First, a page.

AMIKACIN SULFATE — amikacin sulfate injection, solution
Fresenius Kabi USA, LLC
To reduce the development of drug-resistant bacteria and maintain the effectiveness of the amikacin and other antibacterial drugs, amikacin should be used only to treat or prevent infections that are proven or strongly suspected to be caused by bacteria.
Patients treated with parenteral aminoglycosides should be under close clinical observation because of the potential ototoxicity and nephrotoxicity associated with their use. Safety for treatment periods which are longer than 14 days has not been established.
Neurotoxicity, manifested as vestibular and permanent bilateral auditory ototoxicity, can occur in patients with pre-existing renal damage and in patients with normal renal function treated at higher doses and/or for periods longer than those recommended. The risk of aminoglycoside-induced ototoxicity is greater in patients with renal damage. High frequency deafness usually occurs first and can be detected only by audiometric testing. Vertigo may occur and may be evidence of vestibular injury. Other manifestations of neurotoxicity may include numbness, skin tingling, muscle twitching and convulsions. The risk of hearing loss due to aminoglycosides increases with the degree of exposure to either high peak or high trough serum concentrations. Patients developing cochlear damage may not have symptoms during therapy to warn them of developing eighth-nerve toxicity, and total or partial irreversible bilateral deafness may occur after the drug has been discontinued. Aminoglycoside-induced ototoxicity is usually irreversible.
Aminoglycosides are potentially nephrotoxic. The risk of nephrotoxicity is greater in patients with impaired renal function and in those who receive high doses or prolonged therapy.
Neuromuscular blockade and respiratory paralysis have been reported following parenteral injection, topical instillation (as in orthopedic and abdominal irrigation or in local treatment of empyema), and following oral use of aminoglycosides. The possibility of these phenomena should be considered if aminoglycosides are administered by any route, especially in patients receiving anesthetics, neuromuscular blocking agents such as tubocurarine, succinylcholine, decamethonium, or in patients receiving massive transfusions of citrate-anticoagulated blood. If blockage occurs, calcium salts may reverse these phenomena, but mechanical respiratory assistance may be necessary.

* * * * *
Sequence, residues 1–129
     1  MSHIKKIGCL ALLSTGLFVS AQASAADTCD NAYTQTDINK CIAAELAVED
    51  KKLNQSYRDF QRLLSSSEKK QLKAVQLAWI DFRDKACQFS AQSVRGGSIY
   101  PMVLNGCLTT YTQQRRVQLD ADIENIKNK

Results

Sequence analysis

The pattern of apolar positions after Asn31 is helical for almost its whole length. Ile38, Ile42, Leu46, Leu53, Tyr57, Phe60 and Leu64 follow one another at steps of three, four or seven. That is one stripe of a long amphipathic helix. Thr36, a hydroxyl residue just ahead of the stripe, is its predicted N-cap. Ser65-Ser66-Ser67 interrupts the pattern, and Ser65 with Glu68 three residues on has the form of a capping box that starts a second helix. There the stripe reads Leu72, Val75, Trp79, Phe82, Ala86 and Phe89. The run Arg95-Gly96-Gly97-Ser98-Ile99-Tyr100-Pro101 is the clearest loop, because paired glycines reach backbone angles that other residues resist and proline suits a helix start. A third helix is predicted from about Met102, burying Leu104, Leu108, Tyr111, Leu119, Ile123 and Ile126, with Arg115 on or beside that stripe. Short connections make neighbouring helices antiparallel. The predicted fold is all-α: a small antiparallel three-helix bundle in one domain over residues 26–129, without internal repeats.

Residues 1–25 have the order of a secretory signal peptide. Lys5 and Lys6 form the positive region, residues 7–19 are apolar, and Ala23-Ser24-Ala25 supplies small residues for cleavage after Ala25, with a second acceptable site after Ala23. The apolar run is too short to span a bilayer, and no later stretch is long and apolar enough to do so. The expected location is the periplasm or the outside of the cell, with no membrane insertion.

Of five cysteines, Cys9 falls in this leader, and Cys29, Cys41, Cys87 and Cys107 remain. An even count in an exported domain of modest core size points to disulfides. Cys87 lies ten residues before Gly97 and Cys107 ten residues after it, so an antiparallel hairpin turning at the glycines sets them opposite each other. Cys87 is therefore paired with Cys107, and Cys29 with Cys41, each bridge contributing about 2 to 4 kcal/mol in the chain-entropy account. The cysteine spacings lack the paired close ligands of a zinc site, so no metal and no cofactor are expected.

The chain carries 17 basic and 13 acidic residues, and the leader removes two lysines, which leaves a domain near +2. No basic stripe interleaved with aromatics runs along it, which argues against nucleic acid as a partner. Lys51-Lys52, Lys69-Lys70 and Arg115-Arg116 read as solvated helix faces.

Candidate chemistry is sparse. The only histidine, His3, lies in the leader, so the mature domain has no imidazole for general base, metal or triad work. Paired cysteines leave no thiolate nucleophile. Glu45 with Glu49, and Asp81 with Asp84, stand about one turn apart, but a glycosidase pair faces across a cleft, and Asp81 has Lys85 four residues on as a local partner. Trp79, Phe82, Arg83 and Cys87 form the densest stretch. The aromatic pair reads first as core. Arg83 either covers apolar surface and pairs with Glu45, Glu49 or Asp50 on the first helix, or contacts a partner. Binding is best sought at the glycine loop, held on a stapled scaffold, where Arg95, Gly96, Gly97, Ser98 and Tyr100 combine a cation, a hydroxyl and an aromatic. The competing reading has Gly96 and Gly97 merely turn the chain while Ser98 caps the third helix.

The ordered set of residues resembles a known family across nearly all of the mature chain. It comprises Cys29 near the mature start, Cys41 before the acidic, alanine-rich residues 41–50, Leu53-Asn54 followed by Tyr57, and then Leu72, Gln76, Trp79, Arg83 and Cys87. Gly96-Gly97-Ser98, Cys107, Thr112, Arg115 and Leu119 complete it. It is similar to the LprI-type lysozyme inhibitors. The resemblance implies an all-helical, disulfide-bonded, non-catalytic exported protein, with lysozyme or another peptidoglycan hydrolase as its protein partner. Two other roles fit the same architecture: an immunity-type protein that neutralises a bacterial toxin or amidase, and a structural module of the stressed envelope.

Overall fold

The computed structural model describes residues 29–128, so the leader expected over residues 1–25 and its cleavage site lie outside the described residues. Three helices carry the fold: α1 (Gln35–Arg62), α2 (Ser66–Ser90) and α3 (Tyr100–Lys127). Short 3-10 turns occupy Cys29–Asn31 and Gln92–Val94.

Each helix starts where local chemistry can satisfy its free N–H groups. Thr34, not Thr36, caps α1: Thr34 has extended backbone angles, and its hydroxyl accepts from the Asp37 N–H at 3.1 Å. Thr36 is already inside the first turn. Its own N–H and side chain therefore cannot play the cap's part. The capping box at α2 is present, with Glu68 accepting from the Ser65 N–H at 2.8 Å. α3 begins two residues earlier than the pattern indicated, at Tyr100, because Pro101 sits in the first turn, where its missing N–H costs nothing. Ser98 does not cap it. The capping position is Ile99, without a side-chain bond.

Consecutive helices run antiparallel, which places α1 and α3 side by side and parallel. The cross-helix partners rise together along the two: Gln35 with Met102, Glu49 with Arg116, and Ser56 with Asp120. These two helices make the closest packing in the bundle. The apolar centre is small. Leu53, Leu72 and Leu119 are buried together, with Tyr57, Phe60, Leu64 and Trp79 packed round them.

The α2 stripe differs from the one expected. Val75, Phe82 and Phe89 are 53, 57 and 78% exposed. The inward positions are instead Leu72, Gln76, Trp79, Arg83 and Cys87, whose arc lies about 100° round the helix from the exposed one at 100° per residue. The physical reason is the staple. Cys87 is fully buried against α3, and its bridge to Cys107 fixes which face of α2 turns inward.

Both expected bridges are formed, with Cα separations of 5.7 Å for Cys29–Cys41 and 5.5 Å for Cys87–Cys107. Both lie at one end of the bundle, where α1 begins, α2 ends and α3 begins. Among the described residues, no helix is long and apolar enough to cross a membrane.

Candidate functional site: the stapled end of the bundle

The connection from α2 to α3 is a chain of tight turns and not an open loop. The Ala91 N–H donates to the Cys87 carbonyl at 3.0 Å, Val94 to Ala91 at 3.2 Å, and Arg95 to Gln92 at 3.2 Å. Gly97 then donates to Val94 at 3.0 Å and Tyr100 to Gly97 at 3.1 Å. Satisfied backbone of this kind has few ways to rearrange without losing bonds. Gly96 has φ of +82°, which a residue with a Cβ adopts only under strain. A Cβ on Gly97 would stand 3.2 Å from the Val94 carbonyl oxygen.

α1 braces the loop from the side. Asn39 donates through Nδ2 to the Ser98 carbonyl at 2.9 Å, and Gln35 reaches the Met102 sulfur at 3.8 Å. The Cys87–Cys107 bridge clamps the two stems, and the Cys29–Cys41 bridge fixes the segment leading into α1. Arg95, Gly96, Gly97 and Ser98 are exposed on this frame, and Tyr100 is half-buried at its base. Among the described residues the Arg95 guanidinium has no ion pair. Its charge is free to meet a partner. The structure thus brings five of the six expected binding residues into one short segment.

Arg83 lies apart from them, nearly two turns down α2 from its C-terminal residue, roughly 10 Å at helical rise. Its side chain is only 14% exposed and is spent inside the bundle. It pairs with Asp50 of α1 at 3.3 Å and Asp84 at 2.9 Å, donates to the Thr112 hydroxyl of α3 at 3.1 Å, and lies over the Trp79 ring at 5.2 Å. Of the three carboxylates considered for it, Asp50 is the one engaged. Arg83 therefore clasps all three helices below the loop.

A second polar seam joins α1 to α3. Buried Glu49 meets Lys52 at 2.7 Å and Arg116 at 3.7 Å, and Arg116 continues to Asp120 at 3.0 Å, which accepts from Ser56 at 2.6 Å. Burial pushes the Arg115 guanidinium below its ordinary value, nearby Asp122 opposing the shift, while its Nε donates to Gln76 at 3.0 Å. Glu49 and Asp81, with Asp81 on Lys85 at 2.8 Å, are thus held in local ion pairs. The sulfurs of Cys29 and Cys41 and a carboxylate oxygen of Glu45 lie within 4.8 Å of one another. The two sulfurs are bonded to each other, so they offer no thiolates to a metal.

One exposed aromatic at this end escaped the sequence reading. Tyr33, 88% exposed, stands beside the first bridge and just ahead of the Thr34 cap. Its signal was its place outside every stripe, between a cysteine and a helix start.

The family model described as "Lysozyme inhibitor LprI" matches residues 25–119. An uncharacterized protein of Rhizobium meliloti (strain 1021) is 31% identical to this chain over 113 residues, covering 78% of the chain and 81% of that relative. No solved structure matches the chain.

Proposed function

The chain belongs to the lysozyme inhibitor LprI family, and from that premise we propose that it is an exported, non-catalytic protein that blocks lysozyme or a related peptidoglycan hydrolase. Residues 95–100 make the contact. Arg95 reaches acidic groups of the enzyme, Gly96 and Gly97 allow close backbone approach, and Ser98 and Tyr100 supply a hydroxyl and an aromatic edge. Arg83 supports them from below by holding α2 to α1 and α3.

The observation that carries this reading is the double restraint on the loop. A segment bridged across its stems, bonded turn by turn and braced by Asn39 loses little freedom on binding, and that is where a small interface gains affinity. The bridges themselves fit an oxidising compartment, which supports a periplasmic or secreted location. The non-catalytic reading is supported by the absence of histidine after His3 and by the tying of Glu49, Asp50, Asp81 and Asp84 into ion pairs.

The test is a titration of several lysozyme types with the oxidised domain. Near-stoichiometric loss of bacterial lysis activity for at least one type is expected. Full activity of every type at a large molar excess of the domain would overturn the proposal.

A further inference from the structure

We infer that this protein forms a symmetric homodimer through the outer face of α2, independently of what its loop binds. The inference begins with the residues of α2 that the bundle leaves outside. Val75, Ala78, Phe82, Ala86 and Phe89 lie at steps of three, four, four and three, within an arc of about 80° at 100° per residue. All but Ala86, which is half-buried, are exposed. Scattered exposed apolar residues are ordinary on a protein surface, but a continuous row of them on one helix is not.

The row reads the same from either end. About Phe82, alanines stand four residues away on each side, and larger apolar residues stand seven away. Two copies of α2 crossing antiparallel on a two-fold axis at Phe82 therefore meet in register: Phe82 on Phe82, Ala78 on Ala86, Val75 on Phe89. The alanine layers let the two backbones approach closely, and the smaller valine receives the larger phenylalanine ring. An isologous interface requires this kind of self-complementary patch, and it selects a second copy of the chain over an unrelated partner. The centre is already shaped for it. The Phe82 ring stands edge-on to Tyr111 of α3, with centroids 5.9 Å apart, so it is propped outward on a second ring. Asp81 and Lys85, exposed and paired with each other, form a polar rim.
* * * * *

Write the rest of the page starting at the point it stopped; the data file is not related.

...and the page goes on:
Renal and eighth-nerve function should be closely monitored especially in patients with known or suspected renal impairment at the onset of therapy and also in those whose renal function is initially normal but who develop signs of renal dysfunction during therapy. Serum concentrations of amikacin should be monitored when feasible to assure adequate levels and to avoid potentially toxic levels and prolonged peak concentrations above 35 micrograms per mL. Urine should be examined for decreased specific gravity, increased excretion of proteins, and the presence of cells or casts. Blood urea nitrogen, serum creatinine, or creatinine clearance should be measured periodically. Serial audiograms should be obtained where feasible in patients old enough to be tested, particularly high risk patients. Evidence of ototoxicity (dizziness, vertigo, tinnitus, roaring in the ears, and hearing loss) or nephrotoxicity requires discontinuation of the drug or dosage adjustment.
Concurrent and/or sequential systemic, oral or topical use of other neurotoxic or nephrotoxic products, particularly bacitracin, cisplatin, amphotericin B, cephaloridine, paromomycin, viomycin, polymyxin B, colistin, vancomycin, or other aminoglycosides should be avoided. Other factors that may increase risk of toxicity are advanced age and dehydration.